That’s just slightly lower than Mingo and Pocahontas counties, at 29.9 percent and 29.6 percent, respectively.
The median percentage happens to be in Monongalia County, with 19.3 percent of residents without health insurance. Marion County is a few percentage points ahead of that at 22.8 percent, and Harrison County is below the median at 18.2 percent.
Those numbers were gathered five years ago, said Sally Richardson, executive director of the WVU Institute for Health Policy Research, and all indications — statistical and anecdotal — show that the situation is not improving.
Preliminary data gathered by the institute in 2003 as well as statistics from 2005 from different sources show that the number of adults too young to qualify for Medicare is going up.
“The big problem is what you call the adults who are not elderly,” Richardson said. “There, we don’t do nearly as well. In the first survey, about 20 percent of West Virginians from age 19 to 64 didn’t have health-care insurance. That grew from 2001 to 2003, to 22 percent, and the numbers went from 220,000 to 238,000.”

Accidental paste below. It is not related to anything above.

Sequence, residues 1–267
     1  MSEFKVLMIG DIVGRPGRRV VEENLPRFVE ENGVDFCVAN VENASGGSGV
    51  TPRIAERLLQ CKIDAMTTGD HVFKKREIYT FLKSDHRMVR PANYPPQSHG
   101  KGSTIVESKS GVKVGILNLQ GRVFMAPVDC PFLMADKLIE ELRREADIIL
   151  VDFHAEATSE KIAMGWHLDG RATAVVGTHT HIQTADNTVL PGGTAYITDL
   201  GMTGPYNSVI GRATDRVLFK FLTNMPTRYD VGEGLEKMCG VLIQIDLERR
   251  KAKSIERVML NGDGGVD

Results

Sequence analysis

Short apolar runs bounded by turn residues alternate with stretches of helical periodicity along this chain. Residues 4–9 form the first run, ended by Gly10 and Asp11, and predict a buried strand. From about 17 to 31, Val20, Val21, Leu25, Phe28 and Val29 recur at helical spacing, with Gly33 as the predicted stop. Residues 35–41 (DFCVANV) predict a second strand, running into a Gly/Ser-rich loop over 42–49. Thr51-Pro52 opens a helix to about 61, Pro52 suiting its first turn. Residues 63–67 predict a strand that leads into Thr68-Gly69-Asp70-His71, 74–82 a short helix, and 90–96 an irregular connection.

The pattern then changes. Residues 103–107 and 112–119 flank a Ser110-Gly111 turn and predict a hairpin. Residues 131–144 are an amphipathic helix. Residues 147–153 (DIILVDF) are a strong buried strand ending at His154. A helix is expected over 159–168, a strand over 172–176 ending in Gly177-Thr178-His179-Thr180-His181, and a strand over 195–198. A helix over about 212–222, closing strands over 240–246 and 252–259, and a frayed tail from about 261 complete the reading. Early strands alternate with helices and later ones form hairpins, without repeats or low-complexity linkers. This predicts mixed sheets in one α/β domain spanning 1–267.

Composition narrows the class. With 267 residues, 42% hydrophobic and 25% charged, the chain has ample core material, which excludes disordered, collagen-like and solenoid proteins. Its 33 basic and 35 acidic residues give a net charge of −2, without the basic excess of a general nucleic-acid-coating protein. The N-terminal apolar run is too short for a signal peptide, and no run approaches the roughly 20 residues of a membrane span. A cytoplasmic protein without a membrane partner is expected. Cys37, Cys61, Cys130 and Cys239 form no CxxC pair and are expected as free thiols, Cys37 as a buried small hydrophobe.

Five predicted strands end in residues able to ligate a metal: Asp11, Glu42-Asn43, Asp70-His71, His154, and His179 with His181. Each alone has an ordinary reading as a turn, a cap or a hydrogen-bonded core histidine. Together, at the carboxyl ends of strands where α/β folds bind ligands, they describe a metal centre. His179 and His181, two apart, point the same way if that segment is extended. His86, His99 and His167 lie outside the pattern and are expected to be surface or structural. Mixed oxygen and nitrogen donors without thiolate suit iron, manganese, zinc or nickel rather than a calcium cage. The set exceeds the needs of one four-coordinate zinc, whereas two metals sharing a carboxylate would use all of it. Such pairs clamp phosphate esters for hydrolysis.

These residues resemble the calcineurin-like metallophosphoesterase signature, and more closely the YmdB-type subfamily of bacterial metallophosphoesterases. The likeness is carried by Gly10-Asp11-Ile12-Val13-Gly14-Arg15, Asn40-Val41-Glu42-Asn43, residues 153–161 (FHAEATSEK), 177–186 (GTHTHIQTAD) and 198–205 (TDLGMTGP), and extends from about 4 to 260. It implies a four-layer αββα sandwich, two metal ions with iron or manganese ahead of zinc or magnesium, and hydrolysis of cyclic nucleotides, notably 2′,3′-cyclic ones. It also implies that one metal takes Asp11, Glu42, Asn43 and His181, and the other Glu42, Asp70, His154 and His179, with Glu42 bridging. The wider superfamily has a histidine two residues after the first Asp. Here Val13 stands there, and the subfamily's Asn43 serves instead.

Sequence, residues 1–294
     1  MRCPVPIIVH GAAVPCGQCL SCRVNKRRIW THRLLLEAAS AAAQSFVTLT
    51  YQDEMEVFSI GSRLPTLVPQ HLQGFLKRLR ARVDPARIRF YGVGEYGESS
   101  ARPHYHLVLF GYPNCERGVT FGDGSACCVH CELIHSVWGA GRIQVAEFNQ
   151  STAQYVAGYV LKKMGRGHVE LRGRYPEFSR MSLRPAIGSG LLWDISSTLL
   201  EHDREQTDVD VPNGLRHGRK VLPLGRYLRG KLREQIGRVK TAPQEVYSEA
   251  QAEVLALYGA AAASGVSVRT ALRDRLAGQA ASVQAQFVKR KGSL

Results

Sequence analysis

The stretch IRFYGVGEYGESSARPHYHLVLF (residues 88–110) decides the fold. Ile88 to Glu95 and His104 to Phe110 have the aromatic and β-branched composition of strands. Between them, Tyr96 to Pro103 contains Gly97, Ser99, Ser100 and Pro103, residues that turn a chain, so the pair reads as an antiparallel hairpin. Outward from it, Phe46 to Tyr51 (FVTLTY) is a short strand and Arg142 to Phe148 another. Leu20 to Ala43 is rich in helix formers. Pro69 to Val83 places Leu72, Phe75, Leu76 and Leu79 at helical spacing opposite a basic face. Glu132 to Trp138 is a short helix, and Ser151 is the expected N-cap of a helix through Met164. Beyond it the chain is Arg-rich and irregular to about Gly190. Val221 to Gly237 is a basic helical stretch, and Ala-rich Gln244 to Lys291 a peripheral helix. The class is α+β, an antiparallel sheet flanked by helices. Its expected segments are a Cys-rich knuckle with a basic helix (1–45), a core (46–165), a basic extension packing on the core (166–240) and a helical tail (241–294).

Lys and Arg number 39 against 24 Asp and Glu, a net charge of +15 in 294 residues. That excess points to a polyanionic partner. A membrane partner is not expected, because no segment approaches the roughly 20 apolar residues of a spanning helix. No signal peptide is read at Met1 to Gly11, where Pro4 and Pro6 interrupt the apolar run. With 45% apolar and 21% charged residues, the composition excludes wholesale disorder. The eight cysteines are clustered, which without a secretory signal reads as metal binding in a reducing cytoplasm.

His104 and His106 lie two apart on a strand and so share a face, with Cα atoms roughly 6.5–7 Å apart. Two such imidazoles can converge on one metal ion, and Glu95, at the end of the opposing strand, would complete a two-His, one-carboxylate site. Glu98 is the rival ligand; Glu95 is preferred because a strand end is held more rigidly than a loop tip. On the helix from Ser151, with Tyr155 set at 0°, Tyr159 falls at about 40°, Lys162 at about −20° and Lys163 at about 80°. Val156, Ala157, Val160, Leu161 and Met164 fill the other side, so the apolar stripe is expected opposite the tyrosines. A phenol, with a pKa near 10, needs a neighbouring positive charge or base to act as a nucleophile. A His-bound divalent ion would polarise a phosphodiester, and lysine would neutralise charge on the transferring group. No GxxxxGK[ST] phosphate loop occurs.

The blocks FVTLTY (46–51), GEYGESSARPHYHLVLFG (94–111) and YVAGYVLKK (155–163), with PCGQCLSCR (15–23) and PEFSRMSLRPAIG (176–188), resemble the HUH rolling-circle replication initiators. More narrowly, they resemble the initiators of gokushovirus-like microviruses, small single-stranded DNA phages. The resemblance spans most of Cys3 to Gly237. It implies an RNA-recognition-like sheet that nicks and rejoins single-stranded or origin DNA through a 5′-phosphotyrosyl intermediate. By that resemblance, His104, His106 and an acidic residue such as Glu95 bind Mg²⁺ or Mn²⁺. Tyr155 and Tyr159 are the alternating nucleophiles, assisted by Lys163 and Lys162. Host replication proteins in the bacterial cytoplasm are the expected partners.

A newer report, released in 2006 by the Robert Wood Johnson Foundation in Princeton, N.J., (www.rwjf.org), cites West Virginia as the top state where uninsured adults are mostly likely to go without health care, at 57 percent. Oregon and Kentucky follow at 56 percent and 54 percent respectively, with the lowest percentage being in North Dakota, at 24 percent.
“There are people who fall into several different categories,” said Health Right’s Jones. “There are people who are working two or three part-time jobs to make ends meet, and because they are working part-time and because of the nature of the work, they are not offered health insurance.”
Then there are people who are employed at places that offer health insurance, but because the premiums are so high, they cannot afford it. According to the Kaiser Family Foundation (www.kff.org), premiums for family coverage have increased by 87 percent since the year 2000.